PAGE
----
There’s a lot happening in the California health policy space right now—reprocurement, the news of the state granting Kaiser a no-bid Medi-Cal contract, waning public health mandates—all while the legislative session continues.
This week’s newsletter features a conversation with Sen. Wiener on his policy priorities, a look at some of the health bills making their way through the legislature, and a report revealing gaps in behavioral health treatment.
Have a great weekend!
State of Reform
1. Q&A: Sen. Wiener on access and affordability
As the legislative session continues, Sen. Scott Wiener’s top priorities include addressing substance use disorder, remedying behavioral health workforce shortages, and enforcing stricter health plan accountability. The Senate Housing Committee chair recently spoke with State of Reform about his health policy priorities in the legislature this year.
Wiener is sponsoring two bills that aim to improve access to care: the Medication Access Act and the Health Plan Accountability Act. The Medication Access Act would require health plans to cover prescription drug medications “through the duration of any appeals of a denial of insurance coverage” in order to ensure that individuals maintain access to critical medications and avoid any lapses in treatment. The Health Plan Accountability Act would allow DMHC to impose stricter penalties on health plans that deny coverage to a patient.
2. Health bills on the move
Tomorrow is the last day for bills to be introduced in the California Legislature. Notable initiatives this year include bills that would require hospitals to screen patients for suicide risk, provide community mental health services to veterans, and allow Californians to receive information on coverage options through their tax returns.
After amending the policy to address opponents’ concerns, Sen. Dave Cortese is continuing to advance a 2021 bill to secure workers’ compensation for hospital employees after it failed to gain enough support in the Senate last year. The bill—which passed its chamber of origin in January—would make cancer, infectious disease, respiratory illness, and other illnesses merit paid sick/injury leave for these frontline staff.
3. What They’re Watching: Paul Hegyi, San Diego County Medical Society
Paul Hegyi, CEO of the San Diego County Medical Society, says the county has been dealing with a backlog of patients who previously had their care deferred. Deferrals have caused patient conditions to worsen, consequently increasing the cost of caring for them.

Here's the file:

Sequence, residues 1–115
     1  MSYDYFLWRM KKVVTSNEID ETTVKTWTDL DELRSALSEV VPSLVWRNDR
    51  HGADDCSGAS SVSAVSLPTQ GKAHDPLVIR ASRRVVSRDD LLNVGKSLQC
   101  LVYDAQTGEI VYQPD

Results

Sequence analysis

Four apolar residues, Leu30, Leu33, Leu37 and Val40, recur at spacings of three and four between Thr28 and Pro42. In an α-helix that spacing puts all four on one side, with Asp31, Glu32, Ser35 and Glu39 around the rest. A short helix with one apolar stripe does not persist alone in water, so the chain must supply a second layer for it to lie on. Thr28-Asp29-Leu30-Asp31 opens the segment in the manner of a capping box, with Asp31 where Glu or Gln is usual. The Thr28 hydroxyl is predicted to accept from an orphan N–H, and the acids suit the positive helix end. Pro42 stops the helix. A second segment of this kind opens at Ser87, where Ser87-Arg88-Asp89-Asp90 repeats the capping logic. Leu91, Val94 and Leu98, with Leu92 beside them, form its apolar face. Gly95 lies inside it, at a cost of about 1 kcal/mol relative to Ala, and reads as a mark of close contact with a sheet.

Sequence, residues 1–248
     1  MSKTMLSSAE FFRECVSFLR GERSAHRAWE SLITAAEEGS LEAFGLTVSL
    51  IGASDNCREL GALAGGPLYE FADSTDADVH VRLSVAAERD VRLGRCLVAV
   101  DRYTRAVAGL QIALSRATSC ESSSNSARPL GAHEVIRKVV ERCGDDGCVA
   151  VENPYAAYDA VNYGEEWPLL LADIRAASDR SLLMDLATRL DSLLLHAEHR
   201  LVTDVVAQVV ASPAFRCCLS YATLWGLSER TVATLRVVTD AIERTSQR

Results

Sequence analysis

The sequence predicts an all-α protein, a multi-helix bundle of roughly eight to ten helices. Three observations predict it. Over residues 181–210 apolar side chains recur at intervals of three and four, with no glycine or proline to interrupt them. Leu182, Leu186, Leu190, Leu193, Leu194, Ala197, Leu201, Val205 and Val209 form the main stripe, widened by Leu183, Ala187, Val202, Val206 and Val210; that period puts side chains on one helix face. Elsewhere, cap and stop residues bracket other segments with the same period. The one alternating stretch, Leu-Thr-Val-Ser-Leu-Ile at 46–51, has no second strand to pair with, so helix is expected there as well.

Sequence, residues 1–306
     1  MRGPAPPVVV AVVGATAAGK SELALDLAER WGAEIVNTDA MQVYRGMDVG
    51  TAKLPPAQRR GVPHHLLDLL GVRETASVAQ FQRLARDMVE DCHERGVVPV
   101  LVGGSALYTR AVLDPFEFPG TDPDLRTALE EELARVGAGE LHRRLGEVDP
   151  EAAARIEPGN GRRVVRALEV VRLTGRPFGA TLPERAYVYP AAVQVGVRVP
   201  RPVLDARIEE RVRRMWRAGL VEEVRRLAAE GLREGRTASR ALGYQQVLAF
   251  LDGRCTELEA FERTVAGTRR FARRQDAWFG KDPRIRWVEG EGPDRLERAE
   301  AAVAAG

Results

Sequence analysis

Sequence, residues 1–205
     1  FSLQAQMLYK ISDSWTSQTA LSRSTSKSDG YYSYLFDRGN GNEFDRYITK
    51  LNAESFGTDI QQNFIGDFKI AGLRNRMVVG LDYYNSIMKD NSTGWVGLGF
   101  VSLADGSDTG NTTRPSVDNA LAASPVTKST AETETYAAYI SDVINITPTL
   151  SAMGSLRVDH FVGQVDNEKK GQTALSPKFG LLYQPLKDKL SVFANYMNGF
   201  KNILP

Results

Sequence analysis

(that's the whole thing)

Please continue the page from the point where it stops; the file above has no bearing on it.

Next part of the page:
The rising cost of health care, Hegyi says, was a problem prior to COVID-19 but has only gotten worse. “[The cost of health care] is untenable, and we realize that …” he says. “Health care is taking up more and more of gross domestic product, of the state budget, of personal budgets, and business budgets, and that’s unsustainable. And we need to be part of the solution to that.”
4. Many Californians with SUDs aren’t receiving treatment
A recent CHCF report found that of the 9% of Californians (2.9 million individuals) aged 12 and older that met the criteria for an SUD, only 10% received treatment in the last year. The report found that approximately 40% of HMO and PPO members with SUDs went to initial treatments within 14 days of diagnosis, but only 13% continued to receive care afterwards.
Most SUD patients who received care received outpatient treatment, while only 13% of these individuals received residential care and 1% received hospital inpatient care. The report also revealed that narcotic treatment programs, which CHCF says are “critical” for people who receive methadone treatment, are absent in 24 of the state’s counties.
5. CalHHS delays school mask mandate decision
While acknowledging the removal of California’s indoor mask mandate was the result of recent promising COVID case numbers, CalHHS Secretary Dr. Mark Ghaly said schools will take a couple more weeks to examine the data before removing their mask mandates. This will allow local communities to make informed decisions about their mask policies, taking into account community-specific considerations, he said.
“As we move forward, [we will be] basing our decision on the evidence and information that we have, and understanding that we will continue to prepare and continue to support schools to stay in person for all students,” he said. Ghaly noted there are many COVID-vulnerable students who need to attend school in person for meals and other important services, further complicating the decision around mask policy.